"The former general was quoted as saying that although Israel is not controlled by the US, it does take American considerations into account with regard to issues of global significance.

"‘On many subjects Israel can perform independently,’ Eiland was quoted as saying. ‘The construction in Jerusalem, the attack on Gaza as well as other regional issues—we don’t need to ask the Americans before we take action, even if they don’t like it. But, when an issue involves something of American interest, we cannot act against their will.’

"However, ‘changing times’ could allow for an Israeli strike in the future, Eiland reportedly said, also noting that in light of Washington’s apparent lack of appetite for military action in Syria, the chances of an American strike in Iran were slim.”

In Oct. 2012, then, Netanyahu famously declared before the U.N. General Assembly that Iran would likely reach the “red line” between spring and summer 2013. He indicated if the world did not take decisive action, Israel would have to.

Since then, while the U.S. and Western powers have increased economic sanctions, the Iranians have not stopped enriching uranium. To the contrary, they have continued making nuclear weapons fuel, hardening their facilities and moving steadily toward an arsenal of nuclear warheads and the missiles to deliver them.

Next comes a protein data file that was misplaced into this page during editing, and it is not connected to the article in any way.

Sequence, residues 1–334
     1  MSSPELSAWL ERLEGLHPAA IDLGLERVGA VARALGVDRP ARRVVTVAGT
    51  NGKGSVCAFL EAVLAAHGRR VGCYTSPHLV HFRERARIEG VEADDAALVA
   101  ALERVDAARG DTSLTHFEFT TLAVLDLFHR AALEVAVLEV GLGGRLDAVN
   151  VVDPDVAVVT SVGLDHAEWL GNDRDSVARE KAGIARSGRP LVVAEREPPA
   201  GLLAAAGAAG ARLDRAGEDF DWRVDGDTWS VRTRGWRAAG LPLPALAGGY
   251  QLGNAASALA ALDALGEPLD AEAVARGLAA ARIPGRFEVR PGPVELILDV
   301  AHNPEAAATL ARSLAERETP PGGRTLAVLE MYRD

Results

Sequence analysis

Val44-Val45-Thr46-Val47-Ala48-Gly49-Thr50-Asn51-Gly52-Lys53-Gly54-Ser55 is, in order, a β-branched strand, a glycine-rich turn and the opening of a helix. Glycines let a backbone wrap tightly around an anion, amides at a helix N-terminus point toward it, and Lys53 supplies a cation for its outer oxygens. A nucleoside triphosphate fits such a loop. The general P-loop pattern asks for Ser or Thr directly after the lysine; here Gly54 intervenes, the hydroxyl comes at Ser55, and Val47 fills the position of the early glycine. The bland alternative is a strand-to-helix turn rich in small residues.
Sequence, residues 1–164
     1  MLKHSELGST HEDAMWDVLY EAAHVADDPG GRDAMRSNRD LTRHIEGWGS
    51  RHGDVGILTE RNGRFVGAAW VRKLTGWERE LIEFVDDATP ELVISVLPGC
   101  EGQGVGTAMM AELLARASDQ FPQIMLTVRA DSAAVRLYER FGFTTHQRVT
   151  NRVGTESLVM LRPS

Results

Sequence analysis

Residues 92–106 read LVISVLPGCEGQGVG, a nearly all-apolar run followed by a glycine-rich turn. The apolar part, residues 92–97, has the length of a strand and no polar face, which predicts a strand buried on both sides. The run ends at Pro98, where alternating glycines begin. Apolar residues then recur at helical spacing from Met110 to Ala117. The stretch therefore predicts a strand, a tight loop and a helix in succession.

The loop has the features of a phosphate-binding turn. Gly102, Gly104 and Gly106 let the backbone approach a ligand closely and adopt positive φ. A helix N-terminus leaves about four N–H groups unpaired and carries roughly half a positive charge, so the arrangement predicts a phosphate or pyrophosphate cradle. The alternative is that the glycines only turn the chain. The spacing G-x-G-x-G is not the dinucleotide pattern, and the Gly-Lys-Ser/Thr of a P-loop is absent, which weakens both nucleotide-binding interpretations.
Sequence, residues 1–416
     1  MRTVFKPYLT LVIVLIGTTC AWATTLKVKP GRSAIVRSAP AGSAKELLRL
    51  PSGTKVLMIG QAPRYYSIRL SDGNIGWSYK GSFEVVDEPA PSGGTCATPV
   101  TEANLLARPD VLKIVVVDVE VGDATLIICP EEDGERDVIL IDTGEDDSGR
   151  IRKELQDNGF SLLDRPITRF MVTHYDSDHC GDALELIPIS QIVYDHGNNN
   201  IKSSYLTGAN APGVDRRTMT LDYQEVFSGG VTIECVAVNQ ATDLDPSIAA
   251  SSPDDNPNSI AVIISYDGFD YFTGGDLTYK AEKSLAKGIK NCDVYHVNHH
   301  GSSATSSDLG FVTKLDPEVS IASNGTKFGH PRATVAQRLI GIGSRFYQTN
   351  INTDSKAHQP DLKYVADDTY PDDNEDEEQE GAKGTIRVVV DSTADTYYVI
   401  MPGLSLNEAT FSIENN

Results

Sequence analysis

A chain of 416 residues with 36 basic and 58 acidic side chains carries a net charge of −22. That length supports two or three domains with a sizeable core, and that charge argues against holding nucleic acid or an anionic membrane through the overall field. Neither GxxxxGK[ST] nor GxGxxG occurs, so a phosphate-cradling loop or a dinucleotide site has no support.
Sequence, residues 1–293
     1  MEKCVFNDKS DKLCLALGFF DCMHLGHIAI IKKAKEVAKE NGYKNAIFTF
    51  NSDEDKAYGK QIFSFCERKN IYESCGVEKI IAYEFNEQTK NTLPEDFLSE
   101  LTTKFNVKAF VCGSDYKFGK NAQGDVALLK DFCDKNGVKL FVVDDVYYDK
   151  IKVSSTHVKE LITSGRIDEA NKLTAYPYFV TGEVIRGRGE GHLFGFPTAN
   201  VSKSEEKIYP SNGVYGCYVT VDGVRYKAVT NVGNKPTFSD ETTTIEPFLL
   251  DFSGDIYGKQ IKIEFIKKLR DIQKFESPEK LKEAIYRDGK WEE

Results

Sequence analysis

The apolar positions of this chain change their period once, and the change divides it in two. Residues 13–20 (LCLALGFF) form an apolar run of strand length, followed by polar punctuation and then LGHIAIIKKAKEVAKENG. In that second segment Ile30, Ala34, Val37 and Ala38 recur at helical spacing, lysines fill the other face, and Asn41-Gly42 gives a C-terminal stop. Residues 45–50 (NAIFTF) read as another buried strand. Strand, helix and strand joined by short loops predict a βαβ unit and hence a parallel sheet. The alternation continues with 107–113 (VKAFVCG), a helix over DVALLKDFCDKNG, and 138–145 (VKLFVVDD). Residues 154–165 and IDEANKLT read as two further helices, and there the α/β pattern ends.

I believe, therefore, that Netanyahu and his team have been steadily preparing—once again—for war with Iran. In July 2013, as you may recall, I wrote a blog headlined “Has the End Game Begun? Privately, Senior Israeli Officials Now Warning Iran War Could Come in 2013. Netanyahu Preparing Public.”

Jerusalem’s concerns have since been affected by two developments:

  1. The emergence of new Iranian President Hasan Rouhani in early August, which seems to be lulling the Obama team into a false sense that Tehran is moderating and becoming more willing to cooperate.
  2. The use of chemical weapons in Syria by the Assad regime—and President Obama’s weak, dithering, vacillating approach toward the Syrian crisis—which has further worried the Israeli government and caused it to believe maybe Israel really has no choice but to act on its own.

“It is not exactly starting off as a happy New Year in Jerusalem,” I noted in a Sept. 5 column for National Review Online. “Prime Minister Benjamin Netanyahu and his security cabinet are mortified by what they are seeing unfold—not in Damascus, but in Washington.